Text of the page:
It sounds like it should be a spaceship name from an Iain Banks novel and indeed, for many groups, entering the ZOUD is about as unlikely and fantastic. It is, as the name suggests, a very uncomfortable place to be and there really are no exceptions to this. No-one finds the ZOUD comfortable. However, just as some people find leaping out of a plane with a small sheet of fabric strapped to them exhilarating while others find it simply terrifying, some people can cope better with the ZOUD than others and these people are much more likely to be successful group leaders.
The concept of the elephant in the room has become common parlance in recent years. The ZOUD is where the elephant is named out loud by (and this is the really important bit) every single member of the group. As a group leader you can raise difficult issues as much as you like but if your team doesn’t join in and share their own thoughts and feelings you are really no nearer reaching a consensus decision than if you simply present your plan of action as a fait accompli.
How do you know when your group are in the ZOUD?
- everyone will look and act uncomfortable. You will see fidgeting, screwed up faces, shaking hands, inappropriate humour and possibly even passive aggressive behavior. We have evolved to take open conflict within the tribe very seriously and avoid it if we possibly can.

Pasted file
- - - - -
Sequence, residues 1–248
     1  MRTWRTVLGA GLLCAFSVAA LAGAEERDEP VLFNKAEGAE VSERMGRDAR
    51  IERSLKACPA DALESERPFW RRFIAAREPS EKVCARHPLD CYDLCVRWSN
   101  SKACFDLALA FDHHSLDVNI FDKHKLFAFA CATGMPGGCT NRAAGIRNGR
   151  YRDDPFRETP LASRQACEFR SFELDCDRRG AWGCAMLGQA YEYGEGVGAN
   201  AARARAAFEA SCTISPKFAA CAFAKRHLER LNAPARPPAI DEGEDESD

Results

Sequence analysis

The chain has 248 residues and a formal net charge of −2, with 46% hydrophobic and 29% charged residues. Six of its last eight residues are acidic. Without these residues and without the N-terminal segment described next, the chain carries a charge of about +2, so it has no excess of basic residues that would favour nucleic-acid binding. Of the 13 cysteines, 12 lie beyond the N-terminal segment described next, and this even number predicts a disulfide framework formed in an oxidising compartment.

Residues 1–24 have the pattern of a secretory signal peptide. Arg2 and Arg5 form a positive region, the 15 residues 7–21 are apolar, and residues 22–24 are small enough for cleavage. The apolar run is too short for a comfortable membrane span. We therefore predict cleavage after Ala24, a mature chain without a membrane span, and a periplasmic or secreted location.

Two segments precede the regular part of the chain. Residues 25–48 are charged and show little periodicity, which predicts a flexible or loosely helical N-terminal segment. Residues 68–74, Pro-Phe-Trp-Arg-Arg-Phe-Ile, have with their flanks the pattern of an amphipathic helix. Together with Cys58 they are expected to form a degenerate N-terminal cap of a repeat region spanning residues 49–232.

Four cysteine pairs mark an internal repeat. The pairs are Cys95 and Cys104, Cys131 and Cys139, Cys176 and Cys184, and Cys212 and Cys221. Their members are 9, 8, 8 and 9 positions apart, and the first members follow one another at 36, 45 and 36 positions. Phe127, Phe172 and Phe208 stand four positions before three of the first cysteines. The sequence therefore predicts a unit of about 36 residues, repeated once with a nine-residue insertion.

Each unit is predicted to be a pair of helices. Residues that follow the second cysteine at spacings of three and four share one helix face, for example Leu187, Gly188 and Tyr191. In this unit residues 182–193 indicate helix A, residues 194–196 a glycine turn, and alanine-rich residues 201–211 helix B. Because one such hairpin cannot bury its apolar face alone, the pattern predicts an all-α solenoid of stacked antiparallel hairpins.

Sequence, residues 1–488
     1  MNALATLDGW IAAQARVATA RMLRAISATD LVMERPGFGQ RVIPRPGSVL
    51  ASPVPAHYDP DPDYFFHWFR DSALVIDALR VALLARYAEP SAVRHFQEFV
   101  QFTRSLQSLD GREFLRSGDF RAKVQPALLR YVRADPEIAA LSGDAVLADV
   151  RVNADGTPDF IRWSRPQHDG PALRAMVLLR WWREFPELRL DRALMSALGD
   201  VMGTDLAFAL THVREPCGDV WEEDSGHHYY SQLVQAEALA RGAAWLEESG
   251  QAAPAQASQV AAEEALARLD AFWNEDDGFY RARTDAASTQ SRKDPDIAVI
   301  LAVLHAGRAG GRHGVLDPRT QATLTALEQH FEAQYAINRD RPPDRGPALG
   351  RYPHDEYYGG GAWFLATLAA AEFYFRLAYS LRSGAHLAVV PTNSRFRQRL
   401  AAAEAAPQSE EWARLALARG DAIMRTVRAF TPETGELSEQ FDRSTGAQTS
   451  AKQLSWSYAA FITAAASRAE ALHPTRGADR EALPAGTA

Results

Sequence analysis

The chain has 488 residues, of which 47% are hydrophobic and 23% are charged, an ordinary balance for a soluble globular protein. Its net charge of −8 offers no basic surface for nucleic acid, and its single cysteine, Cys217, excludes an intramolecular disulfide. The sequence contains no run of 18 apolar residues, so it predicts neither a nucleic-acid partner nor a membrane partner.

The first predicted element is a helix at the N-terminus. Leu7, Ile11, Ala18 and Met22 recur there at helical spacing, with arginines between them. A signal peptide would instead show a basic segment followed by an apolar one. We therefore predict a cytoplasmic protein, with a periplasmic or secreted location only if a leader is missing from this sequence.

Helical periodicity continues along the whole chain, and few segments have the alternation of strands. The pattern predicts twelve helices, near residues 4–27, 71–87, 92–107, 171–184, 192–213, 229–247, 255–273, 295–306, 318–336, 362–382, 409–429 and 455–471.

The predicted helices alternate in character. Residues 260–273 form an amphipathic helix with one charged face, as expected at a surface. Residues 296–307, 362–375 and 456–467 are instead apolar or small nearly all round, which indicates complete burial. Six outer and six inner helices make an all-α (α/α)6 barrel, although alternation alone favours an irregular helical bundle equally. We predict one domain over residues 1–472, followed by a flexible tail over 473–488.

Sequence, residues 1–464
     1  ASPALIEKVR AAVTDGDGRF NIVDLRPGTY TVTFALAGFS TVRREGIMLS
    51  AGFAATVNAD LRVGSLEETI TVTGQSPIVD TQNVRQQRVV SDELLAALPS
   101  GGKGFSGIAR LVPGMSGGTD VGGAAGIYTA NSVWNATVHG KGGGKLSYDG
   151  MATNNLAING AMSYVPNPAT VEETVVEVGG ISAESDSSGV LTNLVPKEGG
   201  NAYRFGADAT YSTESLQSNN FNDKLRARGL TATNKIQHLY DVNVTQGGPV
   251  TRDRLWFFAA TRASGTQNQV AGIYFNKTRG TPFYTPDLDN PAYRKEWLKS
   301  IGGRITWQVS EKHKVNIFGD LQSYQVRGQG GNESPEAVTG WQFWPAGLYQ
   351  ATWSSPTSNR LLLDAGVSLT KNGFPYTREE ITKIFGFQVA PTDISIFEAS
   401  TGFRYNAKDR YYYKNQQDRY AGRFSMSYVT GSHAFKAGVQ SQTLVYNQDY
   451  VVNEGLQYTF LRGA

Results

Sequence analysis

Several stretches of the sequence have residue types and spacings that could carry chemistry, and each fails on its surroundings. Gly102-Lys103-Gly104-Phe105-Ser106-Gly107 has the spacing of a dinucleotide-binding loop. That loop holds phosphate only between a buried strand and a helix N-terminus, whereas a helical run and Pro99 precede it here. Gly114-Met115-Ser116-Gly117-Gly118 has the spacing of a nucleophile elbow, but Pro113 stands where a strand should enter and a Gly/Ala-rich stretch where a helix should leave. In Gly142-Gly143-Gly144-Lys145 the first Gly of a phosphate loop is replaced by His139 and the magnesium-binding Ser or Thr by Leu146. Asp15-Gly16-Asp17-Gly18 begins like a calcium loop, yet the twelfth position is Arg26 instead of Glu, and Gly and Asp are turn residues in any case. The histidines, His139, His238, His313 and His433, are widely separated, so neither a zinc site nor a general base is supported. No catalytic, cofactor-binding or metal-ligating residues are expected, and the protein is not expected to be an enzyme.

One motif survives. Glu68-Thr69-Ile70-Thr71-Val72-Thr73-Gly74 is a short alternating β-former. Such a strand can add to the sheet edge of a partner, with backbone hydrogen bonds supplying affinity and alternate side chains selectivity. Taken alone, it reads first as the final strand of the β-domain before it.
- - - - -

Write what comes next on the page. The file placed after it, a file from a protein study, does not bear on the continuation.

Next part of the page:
- everyone will talk about feelings. 10/10 elephants are emotional issues and make people feel strongly even when they have trouble articulating why. A decision that makes your team scared, angry or frustrated is not going to be fully supported by them even if they can’t pull together an entirely rational argument for why it makes them feel that way and it’s no good pretending otherwise.
- the discussion will flow very differently. The pace will speed up and slow down erratically, there will be long pauses and changes in volume. The pattern of your regular BAU meetings will be broken.
Unless it is somewhere that you and your team go on a regular basis (as some highly successful boards and project teams do) a facilitator is key to finding your way across the ZOUD and out to a viable and sustainable decision point. Constant reassurance is required to get the whole team in there with you and you can’t reassure people while disagreeing with them; especially if you’re the boss.
Why put yourself and your team through all that?
I was asked (with a smile) a few weeks ago if I thought that discomfort was character building. My answer is, “sometimes”. As a facilitator, I am the first to suggest that a group closes down a topic and moves on when it is clear that there is consensus on the outcome. But if I’m working with a group tackling a complex problem I will work hard to prevent them closing down the debate just because they are finding it too uncomfortable. Some incredibly innovative and unexpected solutions lurk in the ZOUD and I am determined to help you to find them.